When does compassion for people become the enabling of victim thinking?
Here’s a phenomenon I’ve noticed: Some people who love the QBQ! book’s message of Personal Accountability—and refuse to suffer from victim thinking themselves—will support other people’s tendency to play the victim. Even though they agree with this statement:
When I play the victim, I serve no one—not even myself.
Why some go out of their way to paint certain groups of people as victims—seeking to create a “fairer and more just world,” they’d say—is beyond me. PLEASE don’t get me wrong, we should desire to serve those who are less fortunate, but …
We’ve all seen politicians strive to convince people they are victims just to get their vote. It’s called “pandering” and it adds no value to our world. Can we agree whether we’re on the political Left or the political Right that victim thinking is not a healthy way to live?
A Mission’s Mission
As a member of the board of directors of the Denver Rescue Mission (DRM)—an organization serving the homeless since 1892—I’m pretty close to the topic of being “down and out.”
To expand on our opening question regarding the line between compassion and enabling, I turned to the CEO of DRM, Brad Meuli. I asked Brad why this venerable institution exists. In his words —
“We rescue men and women from poverty, addiction, job loss, medical issues, and from lifestyles that, quite frankly, they do not want or desire. They come to us because they know they need help. We’re an open door where they can get a meal, a bed, clothing—and a lift up out of their situation to become productive, self-sufficient citizens once again. We offer them what they lack: hope. Our goal is to see lives changed, often from ones of addiction to contributing citizens.”
Note that Brad’s statement is loaded with compassion while also providing a worthy objective: Helping people stand on their own, living lives of personal accountability.
Now that adds value to our world.
Blame Is Not The Answer
Brad’s team does not judge people, they serve people. But they also do not coddle, enable, or adopt people to the point of supporting self-pity. The DRM does not encourage its clientele to be victims who blame:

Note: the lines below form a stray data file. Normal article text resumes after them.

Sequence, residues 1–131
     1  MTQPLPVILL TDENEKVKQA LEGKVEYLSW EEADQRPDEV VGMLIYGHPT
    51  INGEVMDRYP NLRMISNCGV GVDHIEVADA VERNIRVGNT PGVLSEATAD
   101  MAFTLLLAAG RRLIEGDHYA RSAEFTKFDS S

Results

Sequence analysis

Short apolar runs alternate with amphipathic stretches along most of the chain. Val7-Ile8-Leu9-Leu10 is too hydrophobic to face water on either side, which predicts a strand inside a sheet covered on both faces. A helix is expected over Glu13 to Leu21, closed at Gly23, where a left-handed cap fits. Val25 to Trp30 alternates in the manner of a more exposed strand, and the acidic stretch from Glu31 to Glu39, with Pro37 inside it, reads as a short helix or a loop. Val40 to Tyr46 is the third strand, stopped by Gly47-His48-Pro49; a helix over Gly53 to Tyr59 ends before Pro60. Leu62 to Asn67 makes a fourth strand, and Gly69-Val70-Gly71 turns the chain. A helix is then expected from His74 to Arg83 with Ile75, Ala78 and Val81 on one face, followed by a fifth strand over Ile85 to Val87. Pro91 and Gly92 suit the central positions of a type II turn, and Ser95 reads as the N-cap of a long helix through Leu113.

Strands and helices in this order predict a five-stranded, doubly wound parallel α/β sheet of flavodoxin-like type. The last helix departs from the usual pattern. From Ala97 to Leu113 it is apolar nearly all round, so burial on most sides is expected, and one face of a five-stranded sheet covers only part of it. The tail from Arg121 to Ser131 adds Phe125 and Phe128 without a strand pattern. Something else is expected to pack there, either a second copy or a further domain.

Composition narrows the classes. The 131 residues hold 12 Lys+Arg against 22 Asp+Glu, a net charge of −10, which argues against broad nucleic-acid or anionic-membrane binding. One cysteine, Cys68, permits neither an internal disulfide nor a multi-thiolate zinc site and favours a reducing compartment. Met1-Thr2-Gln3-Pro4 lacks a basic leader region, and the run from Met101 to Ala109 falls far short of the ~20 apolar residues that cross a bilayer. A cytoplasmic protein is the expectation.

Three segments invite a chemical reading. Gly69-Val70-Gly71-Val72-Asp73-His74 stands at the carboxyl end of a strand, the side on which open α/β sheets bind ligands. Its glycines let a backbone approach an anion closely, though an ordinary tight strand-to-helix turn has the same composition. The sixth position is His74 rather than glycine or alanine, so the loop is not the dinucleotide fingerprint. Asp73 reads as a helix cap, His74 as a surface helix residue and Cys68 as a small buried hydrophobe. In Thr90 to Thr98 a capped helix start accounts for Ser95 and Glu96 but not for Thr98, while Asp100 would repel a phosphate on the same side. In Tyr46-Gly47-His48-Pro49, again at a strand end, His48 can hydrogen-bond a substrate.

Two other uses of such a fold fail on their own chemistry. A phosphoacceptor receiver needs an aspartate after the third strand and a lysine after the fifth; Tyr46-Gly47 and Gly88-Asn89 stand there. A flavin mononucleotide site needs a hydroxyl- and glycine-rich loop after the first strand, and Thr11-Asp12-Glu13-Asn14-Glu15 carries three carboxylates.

- The employer who let them go.
- The spouse who kicked them out.
- The privileged who took advantage of them.
- The family members who turned their backs on them.
- The society that didn’t provide enough “safety nets” for them.
Isn’t it true that to help people get back on their feet and make a better life for themselves and their family, we should help them not play the victim?
Victim thinking and self-pity have never served anyone. They only prevent individuals and groups from moving forward, becoming self-sufficient, and succeeding in life.
6 Truths About Self-pity
As I thought more about this message, these truths related to self-pity came to me.
Self Pity ...
- Is not productive.
- Adds no value.
- Prevents learning.
- Destroys joy.
- Solves no problems.
- Serves no one.
Isn’t it simply flat-out wrong to help others choose the path of self-pity? Wouldn’t it be best to not only keep victim thinking out of our lives but also encourage others to avoid victim thinking as well?
I believe it would be. Do you?
Let me close with my opening question while inviting you to comment!
When does compassion for people become the enabling of victim thinking?
Great post John. I wanted to say that victim thinking is so easy for ALL OF US but as I re-read QBQ! for over 10 years now it becomes more like a muscle that prevents you from sinking into the full pity party. I encourage my kids never to say “It’s not fair” as that’s an easy out for them to blame someone else.